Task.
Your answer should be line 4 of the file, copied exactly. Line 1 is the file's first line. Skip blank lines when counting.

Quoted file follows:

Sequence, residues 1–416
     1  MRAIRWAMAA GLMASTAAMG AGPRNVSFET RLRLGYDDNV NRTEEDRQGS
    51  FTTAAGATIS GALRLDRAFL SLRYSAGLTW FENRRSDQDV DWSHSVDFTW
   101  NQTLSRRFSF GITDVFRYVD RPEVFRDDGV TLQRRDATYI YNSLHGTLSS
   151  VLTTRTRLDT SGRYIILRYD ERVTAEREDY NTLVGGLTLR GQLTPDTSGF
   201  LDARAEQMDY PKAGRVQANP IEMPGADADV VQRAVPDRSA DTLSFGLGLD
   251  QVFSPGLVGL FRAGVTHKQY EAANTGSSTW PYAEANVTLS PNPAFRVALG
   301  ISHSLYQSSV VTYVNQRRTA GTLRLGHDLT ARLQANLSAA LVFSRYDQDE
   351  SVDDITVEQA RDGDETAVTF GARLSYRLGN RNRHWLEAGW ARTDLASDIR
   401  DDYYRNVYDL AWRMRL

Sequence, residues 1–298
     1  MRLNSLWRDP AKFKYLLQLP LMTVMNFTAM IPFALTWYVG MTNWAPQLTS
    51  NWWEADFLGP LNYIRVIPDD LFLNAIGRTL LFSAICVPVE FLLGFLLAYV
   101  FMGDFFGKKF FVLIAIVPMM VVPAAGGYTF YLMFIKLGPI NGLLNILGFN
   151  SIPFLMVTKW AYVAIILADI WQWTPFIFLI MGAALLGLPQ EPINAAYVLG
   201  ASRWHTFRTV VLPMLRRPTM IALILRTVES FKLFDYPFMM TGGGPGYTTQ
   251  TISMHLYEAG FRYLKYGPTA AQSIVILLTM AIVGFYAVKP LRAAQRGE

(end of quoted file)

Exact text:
   101  NQTLSRRFSF GITDVFRYVD RPEVFRDDGV TLQRRDATYI YNSLHGTLSS